In June of 2013, a report from Harvard University addressed existential challenges facing the Arts & Humanities Division. One challenge focused upon a particularly sobering statistic—the percentage of Humanities majors had been cut nearly in half over the last fifty years. Diane Sorensen, Dean of the Arts & Humanities Division, called the trend “an anti-intellectual moment, and what matters to me is that we, the people in arts and humanities, find creative and affirmative ways of engaging the moment.”
Davids Brooks of The New York Times affirmed the moment by declaring a loss of mission, while other commentators pointed to the mounting student debt problem. Others have argued that this sense of doom is nothing new for the Humanities.
Rather than wringing my hands, I decided to imagine what a rigorous course schedule in the Humanities would look like. What would be the ultimate “well-read” course list? It’s something that I’d always thought about, and this seemed like the perfect opportunity to actually make it concrete. So I did.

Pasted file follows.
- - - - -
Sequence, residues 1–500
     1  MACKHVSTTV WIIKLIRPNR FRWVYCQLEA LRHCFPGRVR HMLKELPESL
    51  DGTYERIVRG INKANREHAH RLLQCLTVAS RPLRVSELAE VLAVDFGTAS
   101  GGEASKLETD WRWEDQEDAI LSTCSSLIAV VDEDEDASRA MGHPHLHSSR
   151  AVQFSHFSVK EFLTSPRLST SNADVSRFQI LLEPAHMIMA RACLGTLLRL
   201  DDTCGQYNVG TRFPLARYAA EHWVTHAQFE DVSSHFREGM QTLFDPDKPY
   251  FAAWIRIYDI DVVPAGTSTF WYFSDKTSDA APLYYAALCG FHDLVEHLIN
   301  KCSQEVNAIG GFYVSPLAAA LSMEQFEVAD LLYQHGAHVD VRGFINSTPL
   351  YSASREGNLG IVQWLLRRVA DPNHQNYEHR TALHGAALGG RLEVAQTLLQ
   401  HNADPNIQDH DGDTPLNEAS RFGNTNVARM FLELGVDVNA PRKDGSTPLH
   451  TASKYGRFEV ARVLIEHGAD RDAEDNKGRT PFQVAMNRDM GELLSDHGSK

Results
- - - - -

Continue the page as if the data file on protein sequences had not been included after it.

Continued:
Since I was an English major, I’ve focused the majority of my attention on literature of the western world. I took my framework from Harold Bloom’s book The Western Canon, which separates the history of literature into four ages: Theocratic, Aristocratic, Democratic, and Chaotic. I also owe a huge debt to his book The Best Poems of the English Language. Harold Bloom is a divisive figure for many people, but he helped to restore my joy for reading when I had become a gloomy and cynical non-reader following my undergraduate degree.
I created 40 courses because the standard undergraduate degree is about 120 credits. At 3 credits each, 40 courses meets that total. Whether it would actually take someone four years or five years or a whole lifetime to read this course list, I don’t know.
(picture: Reclining Woman Reading by Pablo Picasso)